MEASURING PRODUCTIVITY

What to do, then?  More than anything, the focus of productivity has to start with the most human element of all – the individual developer herself.  The focus has to be on how to increase the speed that a developer can turn a designed solution into working code with as few errors as possible.

Anyone who has been in the software industry knows there are broad ranges in developers’ productivity.   It depends on the individual’s ability to understand programming theory, their educational background, years of experience, a personal situation at the time, how much Fortnite they play, etc.

Why is this important?  Quite simply, time is money.  The longer it takes a developer to code a solution, the more it costs.  In today’s environment of nearly full employment, demand for software developers has never been higher, which brings a lot of varied talent into the picture to meet the demand.  Anyone who has hired a developer knows the productivity gap I’m talking about – hiring is an expensive proposition and no matter how much interviewing you do, and you’re never sure what sort of productivity you’ll get until that person gets to work.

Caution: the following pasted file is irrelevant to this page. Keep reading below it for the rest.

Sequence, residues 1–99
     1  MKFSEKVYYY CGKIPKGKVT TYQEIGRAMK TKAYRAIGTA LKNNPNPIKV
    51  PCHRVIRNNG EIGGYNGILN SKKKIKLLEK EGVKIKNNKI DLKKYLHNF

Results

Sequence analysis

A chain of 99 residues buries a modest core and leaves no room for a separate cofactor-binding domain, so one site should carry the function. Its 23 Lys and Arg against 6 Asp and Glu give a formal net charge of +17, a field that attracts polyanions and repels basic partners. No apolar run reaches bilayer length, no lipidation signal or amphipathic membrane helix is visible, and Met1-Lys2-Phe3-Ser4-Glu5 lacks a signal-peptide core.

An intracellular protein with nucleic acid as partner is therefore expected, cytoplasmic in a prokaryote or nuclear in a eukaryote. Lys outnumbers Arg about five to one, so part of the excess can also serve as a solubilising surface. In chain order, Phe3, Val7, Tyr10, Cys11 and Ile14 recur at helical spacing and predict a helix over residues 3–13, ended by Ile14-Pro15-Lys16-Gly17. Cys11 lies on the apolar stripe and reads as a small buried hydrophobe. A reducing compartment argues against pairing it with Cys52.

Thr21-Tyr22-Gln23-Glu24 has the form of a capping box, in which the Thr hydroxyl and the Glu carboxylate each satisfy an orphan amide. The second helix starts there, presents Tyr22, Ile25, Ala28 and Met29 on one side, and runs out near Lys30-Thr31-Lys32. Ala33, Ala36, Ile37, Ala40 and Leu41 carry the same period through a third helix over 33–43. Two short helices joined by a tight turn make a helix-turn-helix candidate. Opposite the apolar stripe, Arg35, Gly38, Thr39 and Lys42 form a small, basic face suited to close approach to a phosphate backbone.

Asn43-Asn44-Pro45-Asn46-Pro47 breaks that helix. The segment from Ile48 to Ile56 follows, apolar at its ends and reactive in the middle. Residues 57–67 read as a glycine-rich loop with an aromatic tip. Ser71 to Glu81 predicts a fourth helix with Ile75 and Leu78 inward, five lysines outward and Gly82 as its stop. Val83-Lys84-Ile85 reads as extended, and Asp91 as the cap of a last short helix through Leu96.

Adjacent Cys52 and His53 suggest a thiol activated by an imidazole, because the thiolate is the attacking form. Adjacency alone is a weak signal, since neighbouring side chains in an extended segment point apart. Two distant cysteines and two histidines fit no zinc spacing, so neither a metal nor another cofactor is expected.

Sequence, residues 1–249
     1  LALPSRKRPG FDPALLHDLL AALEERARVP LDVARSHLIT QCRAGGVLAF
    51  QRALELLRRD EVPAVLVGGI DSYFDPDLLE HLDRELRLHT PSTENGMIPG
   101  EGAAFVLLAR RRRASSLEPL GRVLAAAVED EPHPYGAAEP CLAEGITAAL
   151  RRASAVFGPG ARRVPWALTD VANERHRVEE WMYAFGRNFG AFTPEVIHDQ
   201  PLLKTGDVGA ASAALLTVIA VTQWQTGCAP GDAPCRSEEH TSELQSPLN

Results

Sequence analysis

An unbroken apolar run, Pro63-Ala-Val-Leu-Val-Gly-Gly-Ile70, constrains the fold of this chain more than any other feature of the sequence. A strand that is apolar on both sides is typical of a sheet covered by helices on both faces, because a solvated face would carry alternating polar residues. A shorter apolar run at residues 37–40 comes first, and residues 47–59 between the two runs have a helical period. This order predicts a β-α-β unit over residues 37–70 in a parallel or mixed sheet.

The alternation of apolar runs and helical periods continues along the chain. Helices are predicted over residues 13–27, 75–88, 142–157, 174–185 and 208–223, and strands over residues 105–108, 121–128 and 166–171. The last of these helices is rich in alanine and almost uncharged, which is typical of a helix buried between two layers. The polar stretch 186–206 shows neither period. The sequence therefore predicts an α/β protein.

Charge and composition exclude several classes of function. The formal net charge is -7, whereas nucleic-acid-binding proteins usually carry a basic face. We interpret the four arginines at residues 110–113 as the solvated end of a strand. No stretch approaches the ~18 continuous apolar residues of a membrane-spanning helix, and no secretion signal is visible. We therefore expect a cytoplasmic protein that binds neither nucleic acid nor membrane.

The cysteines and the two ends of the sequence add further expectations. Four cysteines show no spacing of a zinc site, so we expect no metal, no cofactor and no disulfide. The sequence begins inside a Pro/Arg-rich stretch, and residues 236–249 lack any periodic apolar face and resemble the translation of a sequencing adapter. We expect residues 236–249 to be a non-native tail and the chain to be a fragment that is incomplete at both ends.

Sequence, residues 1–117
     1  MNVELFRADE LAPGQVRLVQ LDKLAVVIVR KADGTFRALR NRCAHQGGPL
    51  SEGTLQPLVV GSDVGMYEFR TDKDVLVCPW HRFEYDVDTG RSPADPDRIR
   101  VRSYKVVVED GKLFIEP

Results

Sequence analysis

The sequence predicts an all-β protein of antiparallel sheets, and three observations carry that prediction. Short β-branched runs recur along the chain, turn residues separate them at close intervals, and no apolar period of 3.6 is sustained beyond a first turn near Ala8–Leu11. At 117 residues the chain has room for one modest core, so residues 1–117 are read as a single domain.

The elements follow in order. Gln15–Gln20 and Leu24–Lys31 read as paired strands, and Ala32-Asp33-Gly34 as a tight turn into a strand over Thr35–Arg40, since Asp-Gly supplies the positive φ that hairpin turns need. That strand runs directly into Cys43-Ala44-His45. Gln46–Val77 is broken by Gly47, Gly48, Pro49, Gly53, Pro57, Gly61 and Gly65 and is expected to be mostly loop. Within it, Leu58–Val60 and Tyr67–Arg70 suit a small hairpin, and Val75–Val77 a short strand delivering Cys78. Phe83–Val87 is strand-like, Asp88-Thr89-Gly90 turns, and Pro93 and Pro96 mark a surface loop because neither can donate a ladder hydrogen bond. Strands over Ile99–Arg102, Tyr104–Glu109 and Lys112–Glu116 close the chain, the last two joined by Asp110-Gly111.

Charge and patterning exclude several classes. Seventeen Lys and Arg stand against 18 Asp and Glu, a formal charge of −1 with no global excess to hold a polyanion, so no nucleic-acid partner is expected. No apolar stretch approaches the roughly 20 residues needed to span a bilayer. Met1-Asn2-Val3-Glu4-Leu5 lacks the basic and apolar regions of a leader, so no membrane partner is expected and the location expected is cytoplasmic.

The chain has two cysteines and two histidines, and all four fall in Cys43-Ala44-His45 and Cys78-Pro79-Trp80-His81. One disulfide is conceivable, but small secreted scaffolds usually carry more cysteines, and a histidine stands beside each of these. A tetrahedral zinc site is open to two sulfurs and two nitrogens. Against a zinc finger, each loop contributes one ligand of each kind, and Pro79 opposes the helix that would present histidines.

Why is measuring productivity so hard?  Because a good measurement involves an apples-to-apples comparison between developers, yet they will almost never complete the same task to produce the same set of code.  Since every development task is different, we cannot establish a baseline for how long it SHOULD take to perform a task versus how long it WILL take a specific developer.  Throw in each person’s differing levels of experience, education, and general abilities with the discipline, and…you get the picture.